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US traffic deaths, once in decline, continue to rise in 2022

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US traffic deaths, once in decline, continue to rise in 2022
U.S. traffic fatalities began to climb two years ago and that deadly trend is continuing in 2022.(Courtesy: Wisconsin State Patrol)

WASHINGTON — Traffic deaths rose by 7% in the first quarter of this year compared to 2021, the highest jump in 20 years, according to new data from the National Highway Traffic Safety Administration (NHTSA).

NHTSA officials estimated that 9,560 people died in motor vehicle crashes during that time.

First quarter roadway fatalities have jumped 42% since 2011, and the death rate measured by vehicle miles traveled has risen 30% during that time, according to the NHTSA.

“Tragically, the U.S. is on its way to a third straight year of surging roadway deaths,” Jonathan Adkins, executive director of the Governors Highway Safety Association (GHSA), said in a news release.

“Our country must focus on immediately implementing the National Roadway Safety Strategy that was released by the U. S. Department of Transportation earlier this year in partnership with leading safety organizations, including the GHSC,” he said.

Before 2020, the number of fatalities had fallen for three consecutive years.

The government has blamed the increase on speeding, impaired driving and other reckless behavior, and it has pledged to fund investments in speed enforcement and to build safer roads.

“The overall numbers are still moving in the wrong direction,” NHTSA Administrator Steven Cliff said in a prepared statement. “Now is the time for all states to double down on traffic safety.”

The infrastructure law has money for significant investments in highway safety, Cliff said.

The agency has started running ads urging people to slow down and not to drive while impaired. On Wednesday it announced the annual national impaired driving enforcement program with local police for the weeks around the Labor Day holiday.

Nearly 43,000 people were killed on U.S. roads last year. That’s the highest number in 16 years.

Traffic deaths rose 10.5% last year over 2020, the largest percentage increase since NHTSA began its fatality data collection in 1975. The agency will release final numbers for 2021 in the fall.

NHTSA’s fatality estimates are usually close to the actual numbers.

Cliff, who was confirmed by the Senate to run NHTSA just three months ago, is leaving the agency next month to run the California Air Resources Board, which regulates pollution.

Chief Counsel Ann Carlson will run the agency until a new administrator is nominated.

“Today’s awful news underscores the urgency of implementing this strategy and the need for strong and consistent leadership at NHTSA,” Adkins said. “GHSA and other leading national safety groups have urged President Biden to quickly nominate a qualified individual that can guide NHTSA through this turbulent time in traffic safety. The National Roadway Safety Strategy demands that all levels of government be bold and aggressive in making our roadways safer and a strong NHTSA can and should lead that charge.”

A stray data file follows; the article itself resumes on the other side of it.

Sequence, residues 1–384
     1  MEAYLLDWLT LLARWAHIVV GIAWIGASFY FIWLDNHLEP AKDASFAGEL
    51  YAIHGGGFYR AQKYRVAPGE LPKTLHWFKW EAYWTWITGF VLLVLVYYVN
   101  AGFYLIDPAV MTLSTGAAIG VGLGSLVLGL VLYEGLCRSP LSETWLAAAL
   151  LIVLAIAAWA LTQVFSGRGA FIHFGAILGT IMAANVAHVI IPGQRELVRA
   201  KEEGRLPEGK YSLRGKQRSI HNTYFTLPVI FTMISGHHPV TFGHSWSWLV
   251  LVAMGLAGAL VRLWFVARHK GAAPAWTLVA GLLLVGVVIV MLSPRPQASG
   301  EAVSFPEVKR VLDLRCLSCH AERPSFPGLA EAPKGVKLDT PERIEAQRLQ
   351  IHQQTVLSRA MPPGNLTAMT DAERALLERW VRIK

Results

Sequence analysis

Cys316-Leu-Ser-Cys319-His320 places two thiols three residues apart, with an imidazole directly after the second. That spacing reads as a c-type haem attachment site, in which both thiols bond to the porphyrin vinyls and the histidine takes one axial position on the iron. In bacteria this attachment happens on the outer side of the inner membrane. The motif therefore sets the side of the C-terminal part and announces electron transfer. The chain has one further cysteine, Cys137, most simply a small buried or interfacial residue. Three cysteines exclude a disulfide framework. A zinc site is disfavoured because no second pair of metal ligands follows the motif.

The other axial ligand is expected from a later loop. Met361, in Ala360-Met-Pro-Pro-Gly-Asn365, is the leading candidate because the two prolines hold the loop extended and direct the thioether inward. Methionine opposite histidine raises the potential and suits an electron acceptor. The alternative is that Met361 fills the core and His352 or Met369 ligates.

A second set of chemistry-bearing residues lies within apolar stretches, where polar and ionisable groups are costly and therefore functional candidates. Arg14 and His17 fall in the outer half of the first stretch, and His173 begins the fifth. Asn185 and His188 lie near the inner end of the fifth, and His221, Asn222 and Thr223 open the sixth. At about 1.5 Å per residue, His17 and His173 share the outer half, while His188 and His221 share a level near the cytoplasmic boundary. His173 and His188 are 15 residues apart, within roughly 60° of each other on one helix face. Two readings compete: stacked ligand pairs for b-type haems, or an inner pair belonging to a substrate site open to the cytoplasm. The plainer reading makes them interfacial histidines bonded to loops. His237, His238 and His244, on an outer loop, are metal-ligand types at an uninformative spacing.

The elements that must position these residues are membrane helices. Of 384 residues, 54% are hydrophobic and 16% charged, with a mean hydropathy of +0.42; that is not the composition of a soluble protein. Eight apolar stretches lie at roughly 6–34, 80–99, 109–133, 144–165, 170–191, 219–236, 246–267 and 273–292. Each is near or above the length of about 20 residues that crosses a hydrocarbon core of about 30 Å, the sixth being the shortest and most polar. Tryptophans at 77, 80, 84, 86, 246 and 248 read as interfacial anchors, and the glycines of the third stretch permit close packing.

Carlson will keynote the opening session at the GHSA 2022 Annual Meeting on Sept. 17-21 in Louisville, Kentucky.

“The partnership between NHTSA and states is essential to driving down roadway crashes, deaths and injuries,” Adkins concluded. “GHSA is pleased that Carlson will also be meeting with state safety leaders while in Louisville to discuss how we can strengthen our partnership to reverse this trend and save lives. That can and must be done.”

The Associated Press contributed to this report.

 

The Trucker News Staff

The Trucker News Staff produces engaging content for not only TheTrucker.com, but also The Trucker Newspaper, which has been serving the trucking industry for more than 30 years. With a focus on drivers, the Trucker News Staff aims to provide relevant, objective content pertaining to the trucking segment of the transportation industry. The Trucker News Staff is based in Little Rock, Arkansas.

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The Trucker News Staff produces engaging content for not only TheTrucker.com, but also The Trucker Newspaper, which has been serving the trucking industry for more than 30 years. With a focus on drivers, the Trucker News Staff aims to provide relevant, objective content pertaining to the trucking segment of the transportation industry. The Trucker News Staff is based in Little Rock, Arkansas.
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2 Comments

Let’s see, so far this year we in the trucking industry have seen so called safety inspections for the last five months. Another one is scheduled for this month ( Brake safety week) in which the jackasses will focus on big trucks and let the dumbass four wheelers go by. I watched a four wheeler drive their car with what looked like a head had hit the windsheild. Truckers are ticketed if their windsheild is cracked and the crack runs across the drivers side. Why is it that the truckers of America are targeted and the four wheelers, six wheelers,etc go unpunished?
It’s because the fines are bigger for big rigs. So it’s all based on revenue. I have yet to see a four wheeler pulled over for cutting off a big rig because their exit was right there. I watch as cars and motorcyles speed at well above the posted limits and NOTHING is done.

Seems obvious to me that the major thing that changed in the last five years is the ELD mandate. I have noticed alot of drivers speeding in parking lots/truckstops as well as on the road. I think that is a contributing factor.

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